Cuomo’s plan to tax health insurance industry raises concerns

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Cuomo’s plan to tax health insurance industry raises concerns

Lawmakers on both sides of the aisle are questioning the governor's proposal.
February 5, 2018

In the coming fiscal year, New York faces a $4.4 billion state budget shortfall, looming cuts from the federal government thanks to the new tax law and potential threats to health care spending from Republicans in Congress.

One significant way Gov. Andrew Cuomo has proposed to address those concerns is by turning to the health insurance industry to get some extra cash. He suggests doing this through a new 14 percent windfall tax on health insurers to address the estimated 40 percent cut they are expected to get under the federal tax law, and by taking a cut of the proceeds from nonprofit to for-profit insurance conversions to create a health care shortfall fund.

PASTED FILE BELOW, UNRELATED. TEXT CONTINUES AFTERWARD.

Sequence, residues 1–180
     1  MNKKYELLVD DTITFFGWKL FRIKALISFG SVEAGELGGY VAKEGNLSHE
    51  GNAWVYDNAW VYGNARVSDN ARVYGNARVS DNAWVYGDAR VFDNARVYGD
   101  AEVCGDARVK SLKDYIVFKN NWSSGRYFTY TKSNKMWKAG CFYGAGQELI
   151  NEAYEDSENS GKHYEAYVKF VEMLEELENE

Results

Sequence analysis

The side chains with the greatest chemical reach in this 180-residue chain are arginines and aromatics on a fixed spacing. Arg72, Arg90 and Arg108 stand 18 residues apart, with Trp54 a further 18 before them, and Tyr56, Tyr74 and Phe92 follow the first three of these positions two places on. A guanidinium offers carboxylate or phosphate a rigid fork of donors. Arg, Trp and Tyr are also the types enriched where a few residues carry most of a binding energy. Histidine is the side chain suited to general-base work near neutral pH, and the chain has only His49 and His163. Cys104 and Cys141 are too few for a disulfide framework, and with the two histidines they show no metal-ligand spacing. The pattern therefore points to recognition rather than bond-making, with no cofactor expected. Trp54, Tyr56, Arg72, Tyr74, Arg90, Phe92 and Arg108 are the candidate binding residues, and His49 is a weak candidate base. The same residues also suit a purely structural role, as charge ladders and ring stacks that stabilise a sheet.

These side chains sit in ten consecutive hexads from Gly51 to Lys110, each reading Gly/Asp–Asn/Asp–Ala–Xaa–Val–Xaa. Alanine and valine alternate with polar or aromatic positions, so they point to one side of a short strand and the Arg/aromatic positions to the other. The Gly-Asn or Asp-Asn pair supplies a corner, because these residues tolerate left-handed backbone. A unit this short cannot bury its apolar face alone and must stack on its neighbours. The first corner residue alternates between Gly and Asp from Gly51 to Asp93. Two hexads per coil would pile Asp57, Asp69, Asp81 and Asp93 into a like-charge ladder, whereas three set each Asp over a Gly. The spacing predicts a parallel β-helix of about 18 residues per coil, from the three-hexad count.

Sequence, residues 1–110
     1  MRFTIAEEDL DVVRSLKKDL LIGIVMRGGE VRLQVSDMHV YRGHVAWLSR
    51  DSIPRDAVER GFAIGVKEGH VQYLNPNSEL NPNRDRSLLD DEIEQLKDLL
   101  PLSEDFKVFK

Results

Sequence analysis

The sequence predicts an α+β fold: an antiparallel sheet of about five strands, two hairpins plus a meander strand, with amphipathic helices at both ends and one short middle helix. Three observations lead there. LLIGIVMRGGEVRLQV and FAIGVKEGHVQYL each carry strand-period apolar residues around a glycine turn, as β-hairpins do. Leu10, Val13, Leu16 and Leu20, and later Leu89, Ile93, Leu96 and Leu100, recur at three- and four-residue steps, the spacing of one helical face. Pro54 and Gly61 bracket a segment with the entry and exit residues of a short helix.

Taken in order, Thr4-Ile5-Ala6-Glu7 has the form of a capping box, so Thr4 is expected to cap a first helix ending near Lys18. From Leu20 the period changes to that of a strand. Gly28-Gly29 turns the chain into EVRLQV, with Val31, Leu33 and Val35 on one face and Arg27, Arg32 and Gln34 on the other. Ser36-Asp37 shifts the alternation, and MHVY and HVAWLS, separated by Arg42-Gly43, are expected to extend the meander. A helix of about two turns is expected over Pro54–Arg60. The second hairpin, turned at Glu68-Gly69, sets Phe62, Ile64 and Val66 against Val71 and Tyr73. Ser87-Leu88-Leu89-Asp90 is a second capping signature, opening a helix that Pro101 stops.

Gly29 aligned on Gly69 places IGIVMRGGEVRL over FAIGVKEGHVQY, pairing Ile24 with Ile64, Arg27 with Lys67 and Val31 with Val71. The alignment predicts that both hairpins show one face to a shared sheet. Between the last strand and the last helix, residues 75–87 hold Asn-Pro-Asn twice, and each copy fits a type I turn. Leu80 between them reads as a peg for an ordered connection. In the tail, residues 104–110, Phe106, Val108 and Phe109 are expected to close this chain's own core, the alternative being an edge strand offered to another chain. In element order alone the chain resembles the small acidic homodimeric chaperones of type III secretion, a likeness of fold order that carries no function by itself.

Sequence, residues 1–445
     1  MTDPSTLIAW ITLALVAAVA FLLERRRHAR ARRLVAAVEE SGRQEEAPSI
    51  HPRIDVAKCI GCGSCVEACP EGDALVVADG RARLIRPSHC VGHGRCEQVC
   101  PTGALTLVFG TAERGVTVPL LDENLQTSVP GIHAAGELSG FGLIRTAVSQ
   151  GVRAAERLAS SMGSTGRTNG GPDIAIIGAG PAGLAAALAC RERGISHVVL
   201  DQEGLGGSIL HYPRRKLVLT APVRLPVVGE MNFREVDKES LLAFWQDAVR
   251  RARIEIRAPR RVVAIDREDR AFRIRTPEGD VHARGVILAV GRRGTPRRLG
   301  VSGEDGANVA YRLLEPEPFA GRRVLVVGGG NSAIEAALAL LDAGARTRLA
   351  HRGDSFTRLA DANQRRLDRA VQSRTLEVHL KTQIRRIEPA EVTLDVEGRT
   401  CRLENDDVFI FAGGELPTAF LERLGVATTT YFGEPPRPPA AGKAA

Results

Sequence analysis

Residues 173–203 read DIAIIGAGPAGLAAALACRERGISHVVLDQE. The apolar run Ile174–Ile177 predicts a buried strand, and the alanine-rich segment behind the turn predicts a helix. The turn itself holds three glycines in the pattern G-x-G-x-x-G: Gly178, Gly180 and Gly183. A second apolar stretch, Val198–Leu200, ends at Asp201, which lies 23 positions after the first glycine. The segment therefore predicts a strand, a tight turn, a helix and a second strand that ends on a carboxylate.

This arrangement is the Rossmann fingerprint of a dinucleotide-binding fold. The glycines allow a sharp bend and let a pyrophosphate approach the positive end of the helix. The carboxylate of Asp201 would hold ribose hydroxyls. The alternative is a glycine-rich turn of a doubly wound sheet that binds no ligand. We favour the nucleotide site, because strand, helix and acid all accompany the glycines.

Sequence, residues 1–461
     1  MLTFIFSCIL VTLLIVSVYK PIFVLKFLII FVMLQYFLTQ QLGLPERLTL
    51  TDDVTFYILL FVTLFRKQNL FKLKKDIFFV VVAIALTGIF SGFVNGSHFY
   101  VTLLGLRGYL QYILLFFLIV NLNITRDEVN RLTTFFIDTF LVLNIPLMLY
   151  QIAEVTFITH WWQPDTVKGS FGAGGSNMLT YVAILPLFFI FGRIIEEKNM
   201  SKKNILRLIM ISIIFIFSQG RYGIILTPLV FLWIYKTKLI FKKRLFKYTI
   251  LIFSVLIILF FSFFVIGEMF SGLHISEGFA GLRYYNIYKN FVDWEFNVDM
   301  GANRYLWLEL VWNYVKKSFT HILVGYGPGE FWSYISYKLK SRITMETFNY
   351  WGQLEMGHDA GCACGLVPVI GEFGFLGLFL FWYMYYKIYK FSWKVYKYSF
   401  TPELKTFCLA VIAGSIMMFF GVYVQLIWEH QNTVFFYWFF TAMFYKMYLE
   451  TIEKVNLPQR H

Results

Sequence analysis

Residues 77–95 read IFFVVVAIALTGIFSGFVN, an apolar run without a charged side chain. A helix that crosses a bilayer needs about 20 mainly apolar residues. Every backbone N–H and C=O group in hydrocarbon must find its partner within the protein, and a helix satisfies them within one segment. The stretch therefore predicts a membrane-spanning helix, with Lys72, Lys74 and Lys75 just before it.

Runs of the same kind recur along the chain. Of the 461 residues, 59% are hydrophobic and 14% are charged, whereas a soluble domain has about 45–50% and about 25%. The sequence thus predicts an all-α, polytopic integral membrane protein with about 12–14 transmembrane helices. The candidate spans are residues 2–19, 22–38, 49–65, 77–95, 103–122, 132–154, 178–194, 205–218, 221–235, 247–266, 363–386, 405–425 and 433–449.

This isn’t the first time Cuomo turned to the health care industry to help close a deficit. In 2011, when the state faced a $10 billion deficit, Cuomo worked together with the sector to create a Medicaid Redesign Team in order to find ways to cut costs and control spending growth.

But this year, health insurers feel like they have been left out in the cold.

“Health plans feel that they have really stepped up to the plate to be partners with the state in terms of its ambitious Medicaid reform programs … setting up the health insurance exchange, which is held out there as a model for the nation for its successes in terms of reducing the number of uninsured and increasing access to quality insurance for people,” said Leslie Moran, senior vice president with the New York Health Plan Association. “And we feel like … it diminishes the partnership, it diminishes the efforts, the plans (that we) have put forward to help New York state realize its goals.”

Moran added that although health insurers will see some benefit from the federal tax cut for corporations, it doesn’t necessarily translate to the state level, as New York already imposes steep taxes on the industry. She said if the state tax goes through, the costs will likely get passed on to the insured, increasing premiums and health insurance costs overall.

State lawmakers on both sides of the aisle raised similar concerns.